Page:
Lazy Money

Announcing his firm’s new high-yield checking account, Charles Schwab said:

The financial world lives off lazy money. There is inertia, and in some respects that’s exactly why we decided we had to make this a very powerful offering.”

Chuck’s right on. (If the firm is going to run ads that say “Talk to Chuck”, then I can call him Chuck). Nearly 80% of consumers are rate-insensitive — they won’t move their money for less than two percentage points better than what they get today or aren’t interested in moving money to get higher rates at all.

This implies that once you’ve got a customer putting money into an account, it’s unlikely that they’ll pull it out for higher rates across the street.

But financial firms can’t survive in the long-term on lazy money. Renegades (like Schwab and BECU with its high-yield offering) will succeed — not just with the rate-sensitive minority of today, but with the rate-insensitive majority in the long-run — by:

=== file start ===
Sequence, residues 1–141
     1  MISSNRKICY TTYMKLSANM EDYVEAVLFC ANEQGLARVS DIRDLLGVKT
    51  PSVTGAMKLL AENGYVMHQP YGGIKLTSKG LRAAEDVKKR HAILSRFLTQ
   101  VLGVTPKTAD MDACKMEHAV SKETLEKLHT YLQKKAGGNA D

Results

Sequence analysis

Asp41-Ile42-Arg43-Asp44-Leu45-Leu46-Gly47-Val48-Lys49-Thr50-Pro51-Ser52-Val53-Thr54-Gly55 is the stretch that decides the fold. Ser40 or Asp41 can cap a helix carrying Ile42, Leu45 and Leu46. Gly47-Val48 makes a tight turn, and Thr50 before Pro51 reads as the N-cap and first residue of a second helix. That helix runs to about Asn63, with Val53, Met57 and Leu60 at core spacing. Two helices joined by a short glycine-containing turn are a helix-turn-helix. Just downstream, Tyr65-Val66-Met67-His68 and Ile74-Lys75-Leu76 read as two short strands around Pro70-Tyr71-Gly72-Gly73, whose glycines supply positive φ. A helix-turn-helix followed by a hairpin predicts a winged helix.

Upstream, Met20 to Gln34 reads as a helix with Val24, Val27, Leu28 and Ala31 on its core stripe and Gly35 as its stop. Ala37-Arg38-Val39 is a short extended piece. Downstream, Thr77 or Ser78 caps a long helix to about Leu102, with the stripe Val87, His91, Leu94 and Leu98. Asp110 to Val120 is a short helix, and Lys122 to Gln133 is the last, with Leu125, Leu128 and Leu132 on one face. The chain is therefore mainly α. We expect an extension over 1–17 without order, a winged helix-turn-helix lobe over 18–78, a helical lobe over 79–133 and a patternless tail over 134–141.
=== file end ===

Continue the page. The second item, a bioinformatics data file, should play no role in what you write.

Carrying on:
• Educating consumers. Renegades are raising awareness of their superior rates with offline, as well as online, advertising. This is changing the rate-insensitive’s perceptions that “it’s not worth moving my money”, “it’s too hard for me to move money”, and “I’ll have to pay more fees if I move money.”
  • Being easy to do business with. Most banks make it easy for customers to move money in — but expensive to move it out. Not so with the renegades. They’re showing consumers how easy it is to do business with them — an important driver of choice of firms with Gen X and Gen Y consumers.
  • Impugning other firms’ customer advocacy. Renegades alert consumers when rates reach a certain level — firms relying on lazy money would never do this. This opens the door for renegades to claim that the other firms don’t have their customers’ best interests in mind.

For many consumers, passive decision making drives their choices. They don’t want to think about who has the best rates, whose service is better, etc. So they make the easy choice — the bank on the nearest corner.

Lazy money — or financial apathy — is one of the biggest enemies of many financial firms. Smart marketers will help create this new breed of financial activist — and not simply try to compete on rates and fees.

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